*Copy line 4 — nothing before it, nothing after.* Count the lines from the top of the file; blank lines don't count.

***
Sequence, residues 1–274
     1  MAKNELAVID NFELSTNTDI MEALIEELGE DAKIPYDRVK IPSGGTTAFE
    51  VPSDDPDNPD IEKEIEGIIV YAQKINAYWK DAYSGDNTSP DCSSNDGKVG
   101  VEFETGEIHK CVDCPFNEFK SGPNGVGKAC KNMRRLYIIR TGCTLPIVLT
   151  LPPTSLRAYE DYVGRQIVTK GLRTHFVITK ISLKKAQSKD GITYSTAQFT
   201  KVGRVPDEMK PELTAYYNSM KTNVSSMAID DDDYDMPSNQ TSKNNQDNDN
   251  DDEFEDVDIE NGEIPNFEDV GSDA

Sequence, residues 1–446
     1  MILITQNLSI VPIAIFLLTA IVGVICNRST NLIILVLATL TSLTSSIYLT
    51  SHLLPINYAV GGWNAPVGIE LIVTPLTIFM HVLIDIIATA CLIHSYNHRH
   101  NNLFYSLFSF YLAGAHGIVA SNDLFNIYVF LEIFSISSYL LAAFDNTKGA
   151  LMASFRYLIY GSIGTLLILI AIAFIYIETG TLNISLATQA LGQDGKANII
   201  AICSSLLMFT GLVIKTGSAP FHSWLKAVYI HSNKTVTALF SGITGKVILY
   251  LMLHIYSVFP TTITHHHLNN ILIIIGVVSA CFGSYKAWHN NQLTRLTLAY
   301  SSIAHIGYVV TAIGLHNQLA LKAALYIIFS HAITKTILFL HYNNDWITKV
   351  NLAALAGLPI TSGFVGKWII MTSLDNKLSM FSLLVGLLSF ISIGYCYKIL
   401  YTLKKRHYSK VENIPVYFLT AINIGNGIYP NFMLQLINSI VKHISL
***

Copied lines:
   101  VEFETGEIHK CVDCPFNEFK SGPNGVGKAC KNMRRLYIIR TGCTLPIVLT